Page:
Rabbi Deusel studied medicine at the University of Erlangen and specialized in urology. Later, she took classes in pediatric urology at the Hadassah Hospital in Jerusalem.

Having been vice-president of Bamberg’s Jewish community for 12 years, she decided to become a rabbi, following a formal conversion to Judaism.

Apart from her rabbinical studies, she took an MA degree in Jewish studies, writing her thesis on circumcision. Last year, it was published as a book.

Rabbi Deusel’s younger sister took a different path. “I don’t know if she considers herself Jewish. She’s a proud atheist, like my mother.”

Strictly speaking, she was not the first female rabbi in postwar Germany.

Alina Treiger, a Ukrainian immigrant from Poltava born in 1979, was ordained in 2010 in a ceremony attended by Germany’s president. She works primarily with Russian Jews in Oldenburg and in the adjacent town of Delmenhorst, but of late, she has been on maternity leave.

There are some 900 Jews in Bamberg – a mecca of architecturally historic buildings – and its suburbs. The majority are immigrants from the former Soviet Union. Settled by Jewish traders about 1,000 years ago, Bamberg was not always hospitable to Jews. Pogroms broke out in 1298 and again in 1348. From the 14th to the 17th centuries, Jews were merely tolerated.

Jewish settlement in Bamberg reached its apogee in the late 1880s, when 1,270 Jews, representing four per cent of the population, lived here.

The town’s Moorish-style synagogue was burned to the ground during Kristallnacht in 1938. By that point, hundreds of Jews already had left Bamberg. In 1941, the remaining 300 Jews in Bamberg were deported to Riga, Izbica/Lublin, Theresienstadt and Auschwitz.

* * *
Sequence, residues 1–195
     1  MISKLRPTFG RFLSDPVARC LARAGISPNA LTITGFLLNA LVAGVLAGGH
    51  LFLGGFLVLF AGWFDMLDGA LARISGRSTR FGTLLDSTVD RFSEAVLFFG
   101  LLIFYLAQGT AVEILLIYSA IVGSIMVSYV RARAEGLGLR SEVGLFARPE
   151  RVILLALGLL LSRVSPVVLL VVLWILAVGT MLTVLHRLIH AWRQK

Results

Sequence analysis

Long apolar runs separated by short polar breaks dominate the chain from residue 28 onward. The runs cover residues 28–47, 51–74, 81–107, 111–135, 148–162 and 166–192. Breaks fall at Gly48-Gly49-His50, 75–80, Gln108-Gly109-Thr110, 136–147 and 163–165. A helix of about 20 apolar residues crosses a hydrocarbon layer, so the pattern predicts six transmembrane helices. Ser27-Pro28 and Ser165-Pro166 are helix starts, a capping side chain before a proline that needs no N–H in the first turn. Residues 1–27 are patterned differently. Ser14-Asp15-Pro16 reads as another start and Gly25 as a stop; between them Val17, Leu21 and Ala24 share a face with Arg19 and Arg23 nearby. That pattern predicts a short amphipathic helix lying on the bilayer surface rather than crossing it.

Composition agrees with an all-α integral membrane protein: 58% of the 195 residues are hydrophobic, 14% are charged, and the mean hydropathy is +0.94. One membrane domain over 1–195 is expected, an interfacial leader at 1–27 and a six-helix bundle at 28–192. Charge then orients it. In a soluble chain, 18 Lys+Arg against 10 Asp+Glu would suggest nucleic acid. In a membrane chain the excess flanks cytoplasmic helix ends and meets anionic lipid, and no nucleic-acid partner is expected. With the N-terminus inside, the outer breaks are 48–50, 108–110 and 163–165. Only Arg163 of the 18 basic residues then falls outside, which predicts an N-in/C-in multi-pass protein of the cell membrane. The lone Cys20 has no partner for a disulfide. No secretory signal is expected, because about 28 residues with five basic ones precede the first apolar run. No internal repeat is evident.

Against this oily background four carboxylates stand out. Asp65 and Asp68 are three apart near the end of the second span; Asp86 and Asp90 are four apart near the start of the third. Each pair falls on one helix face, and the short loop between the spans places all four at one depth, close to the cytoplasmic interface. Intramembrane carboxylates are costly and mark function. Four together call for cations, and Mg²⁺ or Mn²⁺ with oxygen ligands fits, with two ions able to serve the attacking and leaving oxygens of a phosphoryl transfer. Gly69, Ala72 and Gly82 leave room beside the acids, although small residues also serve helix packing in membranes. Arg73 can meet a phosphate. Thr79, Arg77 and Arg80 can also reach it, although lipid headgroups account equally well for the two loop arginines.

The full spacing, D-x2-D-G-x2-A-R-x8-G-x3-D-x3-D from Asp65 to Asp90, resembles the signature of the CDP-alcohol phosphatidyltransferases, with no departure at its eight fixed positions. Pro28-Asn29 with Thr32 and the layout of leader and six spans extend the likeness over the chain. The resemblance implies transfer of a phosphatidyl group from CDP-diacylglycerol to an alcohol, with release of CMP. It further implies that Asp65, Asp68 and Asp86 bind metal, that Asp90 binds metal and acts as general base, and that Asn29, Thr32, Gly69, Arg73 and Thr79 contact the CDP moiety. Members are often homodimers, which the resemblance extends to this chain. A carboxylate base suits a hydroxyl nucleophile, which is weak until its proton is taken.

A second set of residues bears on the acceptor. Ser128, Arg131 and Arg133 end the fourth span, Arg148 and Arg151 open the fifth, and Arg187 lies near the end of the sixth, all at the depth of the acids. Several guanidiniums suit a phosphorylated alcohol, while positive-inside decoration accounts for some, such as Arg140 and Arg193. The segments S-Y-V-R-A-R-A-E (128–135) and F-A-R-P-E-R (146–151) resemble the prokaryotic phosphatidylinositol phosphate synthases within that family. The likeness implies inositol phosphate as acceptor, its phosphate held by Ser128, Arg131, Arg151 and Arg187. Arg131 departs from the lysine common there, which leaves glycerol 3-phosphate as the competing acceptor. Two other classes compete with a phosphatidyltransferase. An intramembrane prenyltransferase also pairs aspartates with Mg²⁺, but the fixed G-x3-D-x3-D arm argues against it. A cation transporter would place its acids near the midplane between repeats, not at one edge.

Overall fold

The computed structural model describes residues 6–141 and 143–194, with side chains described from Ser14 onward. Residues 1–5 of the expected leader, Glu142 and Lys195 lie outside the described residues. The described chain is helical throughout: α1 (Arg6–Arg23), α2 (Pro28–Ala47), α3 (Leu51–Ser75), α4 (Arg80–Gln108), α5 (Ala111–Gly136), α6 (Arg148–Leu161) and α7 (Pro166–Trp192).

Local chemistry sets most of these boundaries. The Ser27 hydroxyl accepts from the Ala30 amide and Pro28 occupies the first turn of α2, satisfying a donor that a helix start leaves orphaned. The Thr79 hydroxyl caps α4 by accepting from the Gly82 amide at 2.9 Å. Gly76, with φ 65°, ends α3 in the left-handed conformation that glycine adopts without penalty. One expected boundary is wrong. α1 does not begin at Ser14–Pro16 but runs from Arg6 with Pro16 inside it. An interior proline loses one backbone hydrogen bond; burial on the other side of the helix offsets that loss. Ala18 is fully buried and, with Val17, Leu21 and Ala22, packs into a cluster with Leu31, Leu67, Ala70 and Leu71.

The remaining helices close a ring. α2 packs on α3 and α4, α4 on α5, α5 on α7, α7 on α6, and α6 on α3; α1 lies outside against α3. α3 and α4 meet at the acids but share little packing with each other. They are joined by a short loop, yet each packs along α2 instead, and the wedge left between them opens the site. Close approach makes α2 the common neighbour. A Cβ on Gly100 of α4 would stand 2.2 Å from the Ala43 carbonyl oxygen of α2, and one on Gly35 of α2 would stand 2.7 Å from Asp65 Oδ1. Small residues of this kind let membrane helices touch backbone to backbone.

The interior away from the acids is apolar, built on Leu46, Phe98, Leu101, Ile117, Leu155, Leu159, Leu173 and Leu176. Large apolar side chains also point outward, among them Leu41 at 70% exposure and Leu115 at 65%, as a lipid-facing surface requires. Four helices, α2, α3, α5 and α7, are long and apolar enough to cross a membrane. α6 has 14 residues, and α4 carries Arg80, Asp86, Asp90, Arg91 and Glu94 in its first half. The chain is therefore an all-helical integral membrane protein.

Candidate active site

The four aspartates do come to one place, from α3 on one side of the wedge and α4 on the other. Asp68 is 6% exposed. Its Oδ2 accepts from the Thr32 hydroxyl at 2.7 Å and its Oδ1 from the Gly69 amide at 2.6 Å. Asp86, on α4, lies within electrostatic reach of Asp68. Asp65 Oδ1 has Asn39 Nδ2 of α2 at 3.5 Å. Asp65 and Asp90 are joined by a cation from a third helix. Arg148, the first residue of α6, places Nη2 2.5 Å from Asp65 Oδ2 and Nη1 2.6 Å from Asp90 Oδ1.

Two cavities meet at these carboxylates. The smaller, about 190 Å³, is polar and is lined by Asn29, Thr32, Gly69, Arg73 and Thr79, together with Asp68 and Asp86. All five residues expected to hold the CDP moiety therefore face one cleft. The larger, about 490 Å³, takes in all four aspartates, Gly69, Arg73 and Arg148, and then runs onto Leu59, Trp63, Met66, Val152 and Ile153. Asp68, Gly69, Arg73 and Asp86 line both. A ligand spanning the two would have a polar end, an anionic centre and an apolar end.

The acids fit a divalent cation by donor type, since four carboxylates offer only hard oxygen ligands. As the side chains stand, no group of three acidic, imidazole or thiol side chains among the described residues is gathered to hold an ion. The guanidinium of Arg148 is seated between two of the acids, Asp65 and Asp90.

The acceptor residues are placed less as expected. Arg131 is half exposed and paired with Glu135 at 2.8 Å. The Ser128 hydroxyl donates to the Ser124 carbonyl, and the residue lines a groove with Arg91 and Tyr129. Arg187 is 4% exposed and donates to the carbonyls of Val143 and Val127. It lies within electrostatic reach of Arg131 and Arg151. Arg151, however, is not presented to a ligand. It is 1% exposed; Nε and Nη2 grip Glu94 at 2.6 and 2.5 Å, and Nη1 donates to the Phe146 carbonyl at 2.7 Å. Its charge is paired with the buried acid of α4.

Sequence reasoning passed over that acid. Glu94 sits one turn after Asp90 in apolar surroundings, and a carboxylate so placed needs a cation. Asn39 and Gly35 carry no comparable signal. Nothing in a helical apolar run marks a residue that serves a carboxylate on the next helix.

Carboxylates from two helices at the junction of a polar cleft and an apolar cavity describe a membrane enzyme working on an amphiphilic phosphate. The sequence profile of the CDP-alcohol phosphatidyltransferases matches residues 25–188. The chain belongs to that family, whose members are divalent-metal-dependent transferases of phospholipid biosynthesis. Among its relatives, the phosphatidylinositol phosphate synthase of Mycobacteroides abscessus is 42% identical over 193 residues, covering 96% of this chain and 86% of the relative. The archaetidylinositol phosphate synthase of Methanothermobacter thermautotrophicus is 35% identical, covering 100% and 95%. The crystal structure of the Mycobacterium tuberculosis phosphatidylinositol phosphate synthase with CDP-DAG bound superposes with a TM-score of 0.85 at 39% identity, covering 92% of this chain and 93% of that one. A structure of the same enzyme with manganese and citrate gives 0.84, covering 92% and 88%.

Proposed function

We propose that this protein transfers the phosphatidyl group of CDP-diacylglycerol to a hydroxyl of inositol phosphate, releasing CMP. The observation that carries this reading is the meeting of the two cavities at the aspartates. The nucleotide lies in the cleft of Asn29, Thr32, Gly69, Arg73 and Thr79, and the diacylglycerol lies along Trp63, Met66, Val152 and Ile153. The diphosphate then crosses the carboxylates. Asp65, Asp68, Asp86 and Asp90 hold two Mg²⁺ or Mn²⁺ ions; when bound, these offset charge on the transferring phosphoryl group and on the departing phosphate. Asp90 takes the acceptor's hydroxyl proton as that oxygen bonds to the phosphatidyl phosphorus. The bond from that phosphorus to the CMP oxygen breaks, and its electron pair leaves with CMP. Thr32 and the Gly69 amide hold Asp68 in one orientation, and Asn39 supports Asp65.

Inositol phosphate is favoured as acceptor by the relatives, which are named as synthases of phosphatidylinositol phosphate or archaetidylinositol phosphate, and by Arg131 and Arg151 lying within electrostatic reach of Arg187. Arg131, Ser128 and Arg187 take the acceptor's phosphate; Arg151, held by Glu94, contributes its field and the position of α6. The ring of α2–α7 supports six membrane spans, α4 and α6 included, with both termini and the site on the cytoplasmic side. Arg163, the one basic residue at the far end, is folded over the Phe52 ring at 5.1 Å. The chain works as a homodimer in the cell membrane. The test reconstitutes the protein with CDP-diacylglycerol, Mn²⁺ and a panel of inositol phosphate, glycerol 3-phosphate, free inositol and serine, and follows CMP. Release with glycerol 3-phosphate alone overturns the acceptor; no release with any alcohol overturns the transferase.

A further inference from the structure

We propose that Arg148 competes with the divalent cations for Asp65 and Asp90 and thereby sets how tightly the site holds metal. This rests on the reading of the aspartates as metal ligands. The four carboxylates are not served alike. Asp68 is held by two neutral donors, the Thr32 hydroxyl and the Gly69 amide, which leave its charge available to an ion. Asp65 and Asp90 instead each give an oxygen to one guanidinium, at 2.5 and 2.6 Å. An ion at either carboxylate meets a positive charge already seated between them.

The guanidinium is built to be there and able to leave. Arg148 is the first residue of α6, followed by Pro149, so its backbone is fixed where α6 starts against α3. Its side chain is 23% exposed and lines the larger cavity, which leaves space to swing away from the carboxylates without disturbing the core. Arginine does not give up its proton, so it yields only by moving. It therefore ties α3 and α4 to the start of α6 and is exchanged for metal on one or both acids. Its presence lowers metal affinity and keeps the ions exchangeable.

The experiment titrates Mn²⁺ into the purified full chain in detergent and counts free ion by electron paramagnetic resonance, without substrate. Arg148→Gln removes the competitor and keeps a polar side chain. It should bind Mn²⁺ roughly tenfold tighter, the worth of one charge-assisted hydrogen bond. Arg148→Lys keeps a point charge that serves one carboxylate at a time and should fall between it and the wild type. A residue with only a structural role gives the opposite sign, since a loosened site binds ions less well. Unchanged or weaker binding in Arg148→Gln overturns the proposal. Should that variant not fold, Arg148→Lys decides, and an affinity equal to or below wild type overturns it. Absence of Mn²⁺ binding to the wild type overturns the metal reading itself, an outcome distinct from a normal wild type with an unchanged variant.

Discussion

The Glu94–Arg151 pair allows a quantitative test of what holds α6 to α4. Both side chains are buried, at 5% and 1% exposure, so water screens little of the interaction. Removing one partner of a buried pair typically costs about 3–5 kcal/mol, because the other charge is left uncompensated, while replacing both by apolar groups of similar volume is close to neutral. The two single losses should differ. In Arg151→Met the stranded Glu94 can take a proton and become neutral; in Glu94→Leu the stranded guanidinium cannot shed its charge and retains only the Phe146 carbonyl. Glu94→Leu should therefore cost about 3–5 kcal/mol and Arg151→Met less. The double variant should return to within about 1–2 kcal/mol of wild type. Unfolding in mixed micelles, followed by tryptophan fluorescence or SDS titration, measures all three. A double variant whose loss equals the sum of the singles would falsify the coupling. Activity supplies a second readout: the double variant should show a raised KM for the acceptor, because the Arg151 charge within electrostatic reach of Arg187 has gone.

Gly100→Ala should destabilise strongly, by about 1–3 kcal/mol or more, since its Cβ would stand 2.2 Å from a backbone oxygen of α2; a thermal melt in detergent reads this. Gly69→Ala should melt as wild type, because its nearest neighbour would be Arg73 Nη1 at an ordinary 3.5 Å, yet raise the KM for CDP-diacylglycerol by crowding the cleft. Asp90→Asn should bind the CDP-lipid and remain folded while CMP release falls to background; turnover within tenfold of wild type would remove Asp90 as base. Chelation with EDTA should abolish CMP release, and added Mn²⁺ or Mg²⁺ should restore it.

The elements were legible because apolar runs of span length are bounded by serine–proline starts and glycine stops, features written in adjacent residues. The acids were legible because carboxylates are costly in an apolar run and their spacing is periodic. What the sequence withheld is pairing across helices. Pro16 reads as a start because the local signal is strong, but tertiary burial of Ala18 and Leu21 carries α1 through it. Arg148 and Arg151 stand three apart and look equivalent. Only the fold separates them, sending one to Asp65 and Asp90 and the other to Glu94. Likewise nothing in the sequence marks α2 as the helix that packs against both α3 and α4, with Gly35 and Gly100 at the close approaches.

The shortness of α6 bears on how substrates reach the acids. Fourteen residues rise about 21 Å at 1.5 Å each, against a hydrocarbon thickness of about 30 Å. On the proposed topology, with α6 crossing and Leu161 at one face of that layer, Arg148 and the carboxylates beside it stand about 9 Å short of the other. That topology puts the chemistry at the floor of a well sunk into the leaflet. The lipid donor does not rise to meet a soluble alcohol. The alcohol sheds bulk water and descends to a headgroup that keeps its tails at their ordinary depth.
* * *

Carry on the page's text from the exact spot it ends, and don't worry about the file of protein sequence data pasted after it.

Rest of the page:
Jews returned to Bamberg after the war, resurrecting the community. But in 1965, neo-Nazi vandals desecrated 32 tombstones in the Jewish cemetery and defaced a monument connected with the Nazi destruction of Bamberg’s synagogue.

In response to these crimes, 4,000 citizens took to the streets in a protest as heavy rain fell on Bamberg.

The mayor, Theodor Mathieu, expressed his revulsion over the attacks and ordered flags in Bamberg to be flown at half-mast. In another sign of solidarity with the Jewish community, the local newspaper offered a reward for the capture of the perpetrators.

Before tens of thousands of Soviet Jews poured into Germany after 1989, Bamberg was home to about 25 Jews, mainly from eastern Europe, said Rabbi Deusel.

Rabbi Deusel, who has lived with a partner for the last 20 years, holds a part-time position at Or Chaim, working two to four weekends per month. Her colleague, Cantor Arieh Rudolph, is employed on a full-time basis.

She hopes to obtain a permanent position as a rabbi, but is not hopeful. As she put it, “There are not many rabbinical positions in Germany.”

In the meantime, she practises medicine in a private clinic, performs circumcisions as a mohel and teaches Judaism at the University of Bamberg.

It’s a hectic life, but she enjoys it immensely.